Andrew Leslie Hooker
In Emptiness There is Truth
(Call No Man Happy Until He is Dead)

CD (E153)

 

Belgium £13 (including postage)

Europe £15 (including postage)

Rest of world £17 (including postage)

Mastered by Giuseppe Ielasi

Edition of 200 copies


A soundwork commissioned for the 2010 edition of the Ravello Festival, curated by Achille Bonito Oliva, Stefania Miscetti and Gianluca Ranzi. 

 

—Voice: Seijiro Murayama

—Voice recording engineer and EQ: Stefano Pilia
—Original stereo mix: John Duncan
—All other sounds, recording,

editing and mixing by ALH

 

“In relation to this piece, the extended overtones created by the clashing frequencies of the ‘ghost chorus’ could indeed be read as faint glimmerings of

a sublime imperative. This imperative, brought into harmonic relief by means

of the intervallic ‘beatings’ of voice

and ‘voices’, admits the possibility of

a transfiguration of the criminal void by means of a deliberate intensification of those glimmerings into an immaterial, abstract reality completely removed from any form of social/political/ temporal control. It is almost as if by charging

a terrifying, ‘physical’ emptiness with an implicative, narcissistic terror, the means of negotiating the far greater terror of

a ‘metaphysical’ infinity, i.e. non-existence, is manifested as a form of rhapsodic contemplation aimed towards interiorising and indeed occupying the void, leading ultimately, and of course theoretically, to non-action.”

— Excerpt from La Follia Dell’ Arte
 

See also
Andrew Leslie Hooker (E203)

Review
 

Personally speaking, it is a curious coincidence that the city hosting this site-specific composition in 2010 was Ravello (in the Italian region of Campania),

where your reporter was literally stunned by the place’s dizzy heights many years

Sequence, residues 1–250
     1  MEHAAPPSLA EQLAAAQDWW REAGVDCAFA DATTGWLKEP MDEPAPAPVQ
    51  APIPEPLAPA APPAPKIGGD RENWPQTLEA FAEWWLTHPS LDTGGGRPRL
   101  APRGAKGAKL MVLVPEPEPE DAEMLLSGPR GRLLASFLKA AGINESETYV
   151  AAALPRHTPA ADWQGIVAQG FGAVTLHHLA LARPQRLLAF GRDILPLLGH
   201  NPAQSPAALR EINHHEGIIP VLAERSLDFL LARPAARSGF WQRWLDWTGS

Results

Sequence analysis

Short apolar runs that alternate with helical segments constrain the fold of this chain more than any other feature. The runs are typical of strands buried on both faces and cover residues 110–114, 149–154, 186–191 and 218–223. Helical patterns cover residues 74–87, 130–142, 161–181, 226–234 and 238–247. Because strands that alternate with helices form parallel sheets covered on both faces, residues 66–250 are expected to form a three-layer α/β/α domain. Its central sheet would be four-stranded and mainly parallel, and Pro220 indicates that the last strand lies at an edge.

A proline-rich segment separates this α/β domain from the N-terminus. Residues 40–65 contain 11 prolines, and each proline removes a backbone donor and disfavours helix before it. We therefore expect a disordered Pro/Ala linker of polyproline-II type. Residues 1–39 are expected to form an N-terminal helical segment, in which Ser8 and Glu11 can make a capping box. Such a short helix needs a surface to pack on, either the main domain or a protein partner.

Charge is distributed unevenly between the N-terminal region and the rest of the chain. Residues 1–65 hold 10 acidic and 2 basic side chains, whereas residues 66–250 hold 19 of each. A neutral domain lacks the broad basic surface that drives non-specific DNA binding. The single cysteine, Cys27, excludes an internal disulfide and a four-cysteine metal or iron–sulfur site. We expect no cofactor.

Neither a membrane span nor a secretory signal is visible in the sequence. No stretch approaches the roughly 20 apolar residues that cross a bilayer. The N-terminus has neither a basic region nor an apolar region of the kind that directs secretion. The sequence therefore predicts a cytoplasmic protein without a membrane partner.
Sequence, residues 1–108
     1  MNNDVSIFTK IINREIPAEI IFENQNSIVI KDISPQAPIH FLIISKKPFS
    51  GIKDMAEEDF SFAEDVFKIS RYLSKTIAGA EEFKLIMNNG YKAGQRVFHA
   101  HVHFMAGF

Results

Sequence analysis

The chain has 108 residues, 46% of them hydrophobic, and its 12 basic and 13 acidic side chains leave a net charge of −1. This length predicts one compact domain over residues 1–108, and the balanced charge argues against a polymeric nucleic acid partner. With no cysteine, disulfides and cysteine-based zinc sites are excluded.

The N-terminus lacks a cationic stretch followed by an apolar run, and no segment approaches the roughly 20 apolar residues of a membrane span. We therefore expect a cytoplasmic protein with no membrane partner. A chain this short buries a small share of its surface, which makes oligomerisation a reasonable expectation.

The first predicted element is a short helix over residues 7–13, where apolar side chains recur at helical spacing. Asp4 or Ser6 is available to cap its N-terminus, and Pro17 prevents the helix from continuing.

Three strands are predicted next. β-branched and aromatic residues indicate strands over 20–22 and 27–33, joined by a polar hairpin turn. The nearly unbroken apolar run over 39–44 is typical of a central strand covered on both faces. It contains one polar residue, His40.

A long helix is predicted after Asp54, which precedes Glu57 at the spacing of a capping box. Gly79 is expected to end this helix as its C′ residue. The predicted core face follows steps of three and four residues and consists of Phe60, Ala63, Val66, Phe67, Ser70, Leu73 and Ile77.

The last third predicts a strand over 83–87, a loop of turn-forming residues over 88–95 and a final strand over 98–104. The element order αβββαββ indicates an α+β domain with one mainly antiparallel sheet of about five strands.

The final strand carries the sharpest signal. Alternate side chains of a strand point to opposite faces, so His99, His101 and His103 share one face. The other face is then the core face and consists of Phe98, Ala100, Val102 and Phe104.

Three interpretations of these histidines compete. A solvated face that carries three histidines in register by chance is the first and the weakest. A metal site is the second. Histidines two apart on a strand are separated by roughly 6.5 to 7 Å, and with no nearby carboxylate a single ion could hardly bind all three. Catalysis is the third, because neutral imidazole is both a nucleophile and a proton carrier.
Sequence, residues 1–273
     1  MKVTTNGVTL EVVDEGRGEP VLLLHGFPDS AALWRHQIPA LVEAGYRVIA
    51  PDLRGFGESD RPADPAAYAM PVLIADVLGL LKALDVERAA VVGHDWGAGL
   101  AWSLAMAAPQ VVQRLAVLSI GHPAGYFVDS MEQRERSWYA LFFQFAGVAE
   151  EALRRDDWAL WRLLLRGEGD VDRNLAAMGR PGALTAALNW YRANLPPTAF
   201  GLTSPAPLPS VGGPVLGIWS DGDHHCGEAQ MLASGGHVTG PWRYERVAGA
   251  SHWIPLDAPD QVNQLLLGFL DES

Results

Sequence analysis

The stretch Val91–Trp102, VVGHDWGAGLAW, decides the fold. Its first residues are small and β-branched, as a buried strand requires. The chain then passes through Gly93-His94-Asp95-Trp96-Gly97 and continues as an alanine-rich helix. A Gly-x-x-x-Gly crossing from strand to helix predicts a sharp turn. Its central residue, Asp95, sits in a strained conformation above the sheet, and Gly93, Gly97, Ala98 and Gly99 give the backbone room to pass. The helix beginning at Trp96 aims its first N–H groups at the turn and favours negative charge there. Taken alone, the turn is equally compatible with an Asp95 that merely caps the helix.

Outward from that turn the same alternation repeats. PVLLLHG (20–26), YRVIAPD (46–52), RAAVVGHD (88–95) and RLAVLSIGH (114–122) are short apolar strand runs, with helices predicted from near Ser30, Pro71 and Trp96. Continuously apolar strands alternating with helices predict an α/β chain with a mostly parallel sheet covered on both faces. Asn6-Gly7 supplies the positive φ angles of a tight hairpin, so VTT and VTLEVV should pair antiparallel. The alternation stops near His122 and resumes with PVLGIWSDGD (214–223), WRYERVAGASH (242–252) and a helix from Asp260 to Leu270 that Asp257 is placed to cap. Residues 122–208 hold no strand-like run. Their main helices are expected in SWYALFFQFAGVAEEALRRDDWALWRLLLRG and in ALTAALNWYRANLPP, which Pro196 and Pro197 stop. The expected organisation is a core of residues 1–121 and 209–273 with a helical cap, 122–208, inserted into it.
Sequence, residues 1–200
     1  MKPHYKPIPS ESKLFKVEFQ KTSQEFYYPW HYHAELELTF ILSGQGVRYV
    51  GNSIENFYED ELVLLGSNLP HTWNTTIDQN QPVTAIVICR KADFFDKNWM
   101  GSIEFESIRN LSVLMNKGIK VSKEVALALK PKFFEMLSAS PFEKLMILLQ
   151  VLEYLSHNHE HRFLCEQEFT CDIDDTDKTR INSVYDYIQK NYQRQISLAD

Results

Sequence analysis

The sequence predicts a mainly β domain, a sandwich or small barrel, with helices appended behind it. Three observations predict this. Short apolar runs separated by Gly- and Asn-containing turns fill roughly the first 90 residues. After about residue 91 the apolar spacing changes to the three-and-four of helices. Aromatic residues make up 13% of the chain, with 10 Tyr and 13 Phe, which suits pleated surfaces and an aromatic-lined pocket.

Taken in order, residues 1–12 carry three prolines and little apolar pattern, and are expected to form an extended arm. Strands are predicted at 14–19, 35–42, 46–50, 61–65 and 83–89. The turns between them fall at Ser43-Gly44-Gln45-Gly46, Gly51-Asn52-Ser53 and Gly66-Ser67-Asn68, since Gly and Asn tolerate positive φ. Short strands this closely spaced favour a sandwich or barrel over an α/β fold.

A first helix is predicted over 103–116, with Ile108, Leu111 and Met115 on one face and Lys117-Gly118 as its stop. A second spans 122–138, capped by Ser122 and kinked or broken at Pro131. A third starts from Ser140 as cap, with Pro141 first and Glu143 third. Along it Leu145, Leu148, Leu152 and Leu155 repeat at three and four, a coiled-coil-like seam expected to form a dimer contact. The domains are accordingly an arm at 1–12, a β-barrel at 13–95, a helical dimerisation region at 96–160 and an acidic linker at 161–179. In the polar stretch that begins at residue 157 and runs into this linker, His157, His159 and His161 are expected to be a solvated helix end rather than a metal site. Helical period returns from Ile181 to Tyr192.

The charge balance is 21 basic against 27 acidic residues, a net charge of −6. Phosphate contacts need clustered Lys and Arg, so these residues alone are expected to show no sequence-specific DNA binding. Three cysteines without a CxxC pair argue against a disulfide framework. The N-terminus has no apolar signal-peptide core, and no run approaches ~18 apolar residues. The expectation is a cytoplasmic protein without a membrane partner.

ago (the local vistas on the sea are absolutely breathtaking). A similar type

of mental suspension reappeared after subjecting myself to sequential listens

of In Emptiness There Is Truth, which in essence consists of 45 minutes shaped by an extremely ductile “ghost overtone choir” replete with feedback signals and what the composer calls “lower-case sonics” (I didn’t understand if actual voices, perhaps treated, live in the mix). Amidst the wrinkles of this psychically influencing substratum, Murayama emerges with a series of hagridden vocalizations halfway through a silently strained gargle and the gasping of someone in dire need of oxygen.

The whole creates a state of floating anguish, underlined by a sense of aural instability not too distant from certain metamorphic environments typical of Roland Kayn’s cybernetic creatures, though definitely more “minimalist” in its asphyxiating reiterativeness. Ultimately,

a statement born for an external environment whose acoustic validity

is confirmed in a home listening scene.

But several attempts are required to really get into the core of the matter.


Massimo Ricci at Touching Extremes